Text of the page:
Multivibrator definition and Types (Astable, Monostable and Bistable):

A multivibrator is basically a two stage R-C coupled amplifier with positive feedback from the output of one amplifier to the input of the other, as illustrated in Fig. 31.16. Multivibrator is a switching circuit and may be defined as an electronic circuit that generates nonsinusoidal waves such as rectangular waves, sawtooth waves, square waves etc. Multivibrators are capable of storing binary numbers, counting pulses, synchronizing arithmetic operations and performing other essential functions used in digital systems.

Multivibrator definition

Ordinarily square waves can be generated by introducing a switch in a dc circuit, as shown in Fig. 31.17 (a). Square wave will be generated by turning the switch on and off at regular intervals. Hence a multivibrator is essentially a switching circuit.


The circuit operates in two states viz. on and off controlled by circuit condition. The operation of the circuit is such that when one amplifier is cut off (off) the positive feedback loop maintains the other amplifier in a conducting or on state. When a trigger causes one amplifier to change state, the coupling network acts to change the state of the second amplifier. The outputs are opposite in sense, one indicating a transition from an “off” state to an on state and the other the opposite transition. The condition in which the multivibrator may remain indefinitely until the circuit is triggered by some external signal is termed as the stable state.

There are only two possible states of a multivibrator and are as follows:

First state : Transistor Q1 on and transistor Q2 off.

Second state : Transistor Q1 off and Transistor Q2 on.

Depending upon the type of coupling network employed, the multivibrators are classified into the following three categories.

  1. Astable or free running multivibrator.
  2. Monostable or single-shot multivibrator.
  3. Bistable or flip-flop multivibrator.

The first one is the non-driven type whereas the other two are the driven type (also called the triggered oscillators).

Multivibrators are used for various purposes such as generation of nonsinusoidal waveforms (square, rectangular, sawtooth etc.) and pulses occurring periodically, frequency division, synchronized generation of pulses and extended waveforms, generation of time delays, storage of binary bit of information etc.

1. Astable or Free running Multivibrator: In an astable multivibrator, both coupling networks provide ac coupling through coupling capacitors. Each amplifier stage provides phase shift of 180° in the midband so as to provide an overall phase shift of 360° or 0° and thus a positive feedback. The circuit, therefore, oscillates, provided that the total loop gain is equal to or greater than unity. It has no stable state. The two states of operation of astable multivibrator are quasi stable (temporary) states. The astable multivibrator, therefore, makes successive transitions from one quasi state to the other one after a predetermined time interval, without the aid of an external triggering signal. The periodic time depends upon circuit time constants and parameters. Thus it is just an oscillator as it does not need any external pulse for its operation. Since its output oscillates in between off and on states freely, it is called a free running multivibrator. It is also named as square-wave generator based on its application. AMV may also be used as a synchronised oscillator and for driving sweep generators.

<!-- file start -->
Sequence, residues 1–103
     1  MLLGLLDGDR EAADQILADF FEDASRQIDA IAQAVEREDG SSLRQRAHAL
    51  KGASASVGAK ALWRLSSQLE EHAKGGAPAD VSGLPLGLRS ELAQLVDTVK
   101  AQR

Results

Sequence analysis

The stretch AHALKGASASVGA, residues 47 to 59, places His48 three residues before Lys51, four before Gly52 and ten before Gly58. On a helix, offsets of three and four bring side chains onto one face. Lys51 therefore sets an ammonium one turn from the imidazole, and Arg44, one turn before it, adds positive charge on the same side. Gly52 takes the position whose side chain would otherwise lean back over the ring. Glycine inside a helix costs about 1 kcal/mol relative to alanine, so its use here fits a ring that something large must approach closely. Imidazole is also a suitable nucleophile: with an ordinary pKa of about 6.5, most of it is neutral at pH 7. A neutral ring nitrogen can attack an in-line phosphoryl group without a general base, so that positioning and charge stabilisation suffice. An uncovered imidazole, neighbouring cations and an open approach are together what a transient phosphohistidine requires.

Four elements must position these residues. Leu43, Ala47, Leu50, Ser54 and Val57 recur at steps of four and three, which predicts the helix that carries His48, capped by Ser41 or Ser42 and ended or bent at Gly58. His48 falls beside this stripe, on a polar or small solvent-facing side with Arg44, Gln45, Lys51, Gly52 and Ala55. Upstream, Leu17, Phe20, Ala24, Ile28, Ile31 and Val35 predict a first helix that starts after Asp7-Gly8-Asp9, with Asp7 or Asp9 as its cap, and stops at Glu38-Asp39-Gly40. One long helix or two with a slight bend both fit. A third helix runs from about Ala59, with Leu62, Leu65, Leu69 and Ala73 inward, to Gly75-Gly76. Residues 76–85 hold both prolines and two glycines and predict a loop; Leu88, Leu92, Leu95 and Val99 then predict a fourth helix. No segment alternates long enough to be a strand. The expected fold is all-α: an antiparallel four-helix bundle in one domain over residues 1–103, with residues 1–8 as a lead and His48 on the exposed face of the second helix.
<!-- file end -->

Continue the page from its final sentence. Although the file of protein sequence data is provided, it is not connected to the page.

2. Monostable or Single-Shot Multivibrator: It is also called a single swing, or delay multivibrator. In this circuit, one coupling network provides ac coupling while the other provides dc coupling. It has only one stable (standby) state and one quasi stable state. In this circuit, a triggering signal is required to induce a transition from stable to quasi stable state. The circuit remains in the quasi stable state for a period determined by the circuit components. After this period, the circuit returns to its initial stable state and no external signal is required to induce this reverse transition. Thus, the monostable multivibrator supplies a single output pulse of a desired time duration for every input trigger pulse.

Since the circuit vibrates once for a trigger, it is called as univibrator or monostable multivibrator. As only one triggering signal is required to induce a transition from a stable state to quasi stable state and the circuit returns to its initial stable state automatically after a definite period, it is called single-shot multivibrator.

3. Bistable or Flip-Flop Multivibrator: The bistable multivibrator, also called a two-shot multivibrator, requires application of two triggers to return the circuit to its original state. The first trigger causes the conducting transistor to be cutoff, and the second trigger causes a transition back to the conducting state. Because two triggers are required, bistable circuits are sometimes called flip-flops. Obviously, such a circuit does not oscillate. In this circuit, both coupling networks provide dc coupling and no energy storage element is used.

A bistable multivibrator is employed for performing many digital operations such as counting and storing of binary informations. This circuit also finds extensive use in the generation and processing of pulse type waveforms.

Input-output relations for the three types of multivibrators are shown in Fig. 31.18.

Multivibrator definition and Types (Astable, Monostable and Bistable)

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